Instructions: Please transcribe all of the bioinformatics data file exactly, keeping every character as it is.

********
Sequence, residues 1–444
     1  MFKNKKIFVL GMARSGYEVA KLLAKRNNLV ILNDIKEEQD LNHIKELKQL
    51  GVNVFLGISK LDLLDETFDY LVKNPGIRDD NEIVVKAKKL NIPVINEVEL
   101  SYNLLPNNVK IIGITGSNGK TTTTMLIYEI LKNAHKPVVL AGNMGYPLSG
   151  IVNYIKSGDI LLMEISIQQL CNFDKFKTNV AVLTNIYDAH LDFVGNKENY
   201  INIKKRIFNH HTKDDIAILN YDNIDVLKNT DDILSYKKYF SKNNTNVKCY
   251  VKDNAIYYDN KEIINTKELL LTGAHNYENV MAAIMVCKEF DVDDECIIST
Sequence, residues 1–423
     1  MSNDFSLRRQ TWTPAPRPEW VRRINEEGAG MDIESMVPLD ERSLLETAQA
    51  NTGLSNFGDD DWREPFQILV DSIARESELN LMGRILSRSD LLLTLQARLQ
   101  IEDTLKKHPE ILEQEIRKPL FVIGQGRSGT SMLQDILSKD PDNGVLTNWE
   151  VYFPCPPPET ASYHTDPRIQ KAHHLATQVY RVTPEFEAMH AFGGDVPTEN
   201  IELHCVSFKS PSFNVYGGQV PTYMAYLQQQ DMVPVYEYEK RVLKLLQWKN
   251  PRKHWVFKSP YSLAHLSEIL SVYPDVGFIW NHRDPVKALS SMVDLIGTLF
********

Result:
Sequence, residues 1–444
     1  MFKNKKIFVL GMARSGYEVA KLLAKRNNLV ILNDIKEEQD LNHIKELKQL
    51  GVNVFLGISK LDLLDETFDY LVKNPGIRDD NEIVVKAKKL NIPVINEVEL
   101  SYNLLPNNVK IIGITGSNGK TTTTMLIYEI LKNAHKPVVL AGNMGYPLSG
   151  IVNYIKSGDI LLMEISIQQL CNFDKFKTNV AVLTNIYDAH LDFVGNKENY
   201  INIKKRIFNH HTKDDIAILN YDNIDVLKNT DDILSYKKYF SKNNTNVKCY
   251  VKDNAIYYDN KEIINTKELL LTGAHNYENV MAAIMVCKEF DVDDECIIST
Sequence, residues 1–423
     1  MSNDFSLRRQ TWTPAPRPEW VRRINEEGAG MDIESMVPLD ERSLLETAQA
    51  NTGLSNFGDD DWREPFQILV DSIARESELN LMGRILSRSD LLLTLQARLQ
   101  IEDTLKKHPE ILEQEIRKPL FVIGQGRSGT SMLQDILSKD PDNGVLTNWE
   151  VYFPCPPPET ASYHTDPRIQ KAHHLATQVY RVTPEFEAMH AFGGDVPTEN
   201  IELHCVSFKS PSFNVYGGQV PTYMAYLQQQ DMVPVYEYEK RVLKLLQWKN
   251  PRKHWVFKSP YSLAHLSEIL SVYPDVGFIW NHRDPVKALS SMVDLIGTLF